India's first Pollinator Park opens in Uttarakhand's Haldwani: Here's all you need to know
In a bid to conserve pollinators, India's first 'Pollinator Park' opened in Uttarakhand's Haldwani (Nanital district) on 29 December 2020 and is spread over 4 acres of land. Uttarakhand Forest Department dedicated the newly built Pollinator Park to the Public.
The Pollinator Park was inaugurated by lepidopterist Peter Smetacek. He is the founder of Butterfly Research Centre, Bhimtal. Speaking on the occasion, Peter Smetacek stated that the initiative is one of its kind in India and will help in generating awareness among the public on how important pollination and pollinators are. He further stated that without these species, life on earth will come to an end.
Speaking on the occasion, Head of the Research Wing of the Uttrakhand Forest Department, Sanjiv Chaturvedi stated, "The objective of the park is to conserve various pollinator species, create awareness among the general public about importance and conservation of these species and promote further research on various aspects of pollination, including a threat to habitat and impact of pollution, use of pesticides/insecticides and relation between various pollinators and plant species."
He further stated, "Somewhere between 75% and 95% of all flowering plants on the earth need help with pollination. Pollinators provide services to over 180,000 different plant species. Without them, existing populations of plants would decline, even if soil, air, nutrients, and other life-sustaining elements were available."
Species in Haldwani's Pollinator Park
More than 40 pollinator species have been reared in the park which includes various species of birds, butterflies, honeybees, moths, beetles, wasps, bats and small mammals.
The endemic species of honeybee 'Apiscerana Indica' have also been reared in the park. In recent years, their numbers have declined significantly due to pollution, use of insecticides and pesticides, etc.
Habitat in the Pollinator Park
The park houses habitats for pollinators such as plantation of nectar and pollination producing plants in clusters (Marigold, Rose, Hibiscus, etc.). In addition to these, the park also has host plants to provide shelter to eggs, larvae and pupa (Curry leaf plant, Citrus species, Lantana, etc.)
Apart from these, for winter season plants like Salvia, Aster and Cosmos while for summer season plants like Sunflower and Guinea have been planted.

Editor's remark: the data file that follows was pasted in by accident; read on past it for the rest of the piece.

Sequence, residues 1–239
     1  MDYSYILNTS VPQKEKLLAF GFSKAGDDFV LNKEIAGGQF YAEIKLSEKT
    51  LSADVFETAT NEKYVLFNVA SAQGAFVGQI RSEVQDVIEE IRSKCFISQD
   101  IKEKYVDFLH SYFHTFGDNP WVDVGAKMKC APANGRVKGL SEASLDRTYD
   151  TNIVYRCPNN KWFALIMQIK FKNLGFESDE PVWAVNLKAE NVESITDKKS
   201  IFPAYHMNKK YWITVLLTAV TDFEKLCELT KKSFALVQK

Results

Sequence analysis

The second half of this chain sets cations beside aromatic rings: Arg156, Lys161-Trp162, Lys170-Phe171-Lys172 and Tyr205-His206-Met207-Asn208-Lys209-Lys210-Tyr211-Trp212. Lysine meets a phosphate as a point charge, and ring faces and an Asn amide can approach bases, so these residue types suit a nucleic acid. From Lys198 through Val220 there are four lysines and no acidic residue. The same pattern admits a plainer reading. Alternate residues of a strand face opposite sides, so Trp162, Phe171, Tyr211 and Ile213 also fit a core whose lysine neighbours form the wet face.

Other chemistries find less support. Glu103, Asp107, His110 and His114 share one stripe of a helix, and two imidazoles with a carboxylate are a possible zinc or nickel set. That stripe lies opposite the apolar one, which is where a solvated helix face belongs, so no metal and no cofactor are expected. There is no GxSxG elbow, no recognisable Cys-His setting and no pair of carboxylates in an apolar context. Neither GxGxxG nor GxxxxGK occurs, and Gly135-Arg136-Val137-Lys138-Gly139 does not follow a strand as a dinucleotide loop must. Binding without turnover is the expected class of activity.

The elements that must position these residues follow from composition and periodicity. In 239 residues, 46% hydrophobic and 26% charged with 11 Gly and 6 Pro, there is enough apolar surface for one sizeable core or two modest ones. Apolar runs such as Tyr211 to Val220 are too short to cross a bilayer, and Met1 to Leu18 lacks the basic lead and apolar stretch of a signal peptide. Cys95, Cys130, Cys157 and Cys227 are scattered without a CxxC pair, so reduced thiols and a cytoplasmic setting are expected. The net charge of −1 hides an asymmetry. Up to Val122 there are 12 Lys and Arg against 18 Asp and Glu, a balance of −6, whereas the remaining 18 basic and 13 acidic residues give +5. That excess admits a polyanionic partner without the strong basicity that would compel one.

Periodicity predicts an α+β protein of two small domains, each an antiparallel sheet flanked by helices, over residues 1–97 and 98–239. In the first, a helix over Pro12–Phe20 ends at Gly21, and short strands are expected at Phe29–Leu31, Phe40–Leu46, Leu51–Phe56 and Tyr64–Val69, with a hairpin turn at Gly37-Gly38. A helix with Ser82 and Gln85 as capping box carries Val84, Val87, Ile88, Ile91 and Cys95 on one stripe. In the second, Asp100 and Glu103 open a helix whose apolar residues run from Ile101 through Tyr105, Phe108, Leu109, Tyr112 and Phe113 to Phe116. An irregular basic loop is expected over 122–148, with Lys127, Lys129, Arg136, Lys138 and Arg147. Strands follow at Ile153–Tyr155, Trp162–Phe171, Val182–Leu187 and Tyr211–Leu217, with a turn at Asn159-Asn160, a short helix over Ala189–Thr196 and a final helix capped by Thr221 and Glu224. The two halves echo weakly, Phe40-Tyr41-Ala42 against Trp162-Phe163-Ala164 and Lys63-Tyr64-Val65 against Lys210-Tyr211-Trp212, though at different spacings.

To attract various bird and butterfly species, bird feeders and nests have been placed throughout the park. Foodgrains and cut fruits are also kept. Certain fruit trees such as Jamun and shelter providing trees such as Neem and Semal are also planted.
Artificial water bodies have been created and arrangements have been made for mud puddling for butterflies. It is to be noted that through mud puddling, butterflies and several other insects such as leafhoppers seek nutrients like salt, amino acids, and so forth.
Dead and dry trees have been left in the pollinator park as they serve as a habitat for various types of pollinators. Use of all types of chemicals which includes insecticides and pesticides have been totally stopped in and around the park.
Why there's a decline in the population of pollinators?
Many pollinator species are in decline due to a loss of feeding and nesting habitats, pollution, overuse of pesticides and insecticides, disease, and changes in climatic patterns, are contributing to shrinking and shifting of pollinator populations, thereby endangering our food security.
Importance of pollinators
Pollinators are important for human beings as they impact 35% of the global agricultural land, supporting the production of 87% of the leading food crops globally.
They also provide pollination services to over 180,000 different plant species. Existing populations of plants would decline in the absence of pollinators, even if soil, air, nutrients, and other life-sustaining elements are available.
In other developed nations, the importance of pollinators was recognized years ago and gardens, strips, pathways and pollinator parks were created to conserve them. Campaigns were also launched on a large scale to create awareness about pollinators and pollination.
In the United States, legislative measures were taken in 2015 and 2017 to conserve the pollinators.
What is 'Pollinator'?
Some plants are self-pollinating ones, while others may be fertilized by pollen carried by wind or water. However, some plants still require a pollinator.
Any species which helps in carrying pollen from the male part of the flower (Stamen) to the female part of the same or another flower (Stigma) is known as a pollinator. For instance, bees, wasps, moths, butterflies, birds, flies and small mammals, including bats.
Some pollinators intentionally collect pollen like various bee species while others accidentally collect pollen such as butterflies, birds, bats, etc. In the latter case, pollen sticks on their bodies while they are drinking or feeding on nectar in the flower blooms and is transported unknowingly from flower to flower resulting in pollination.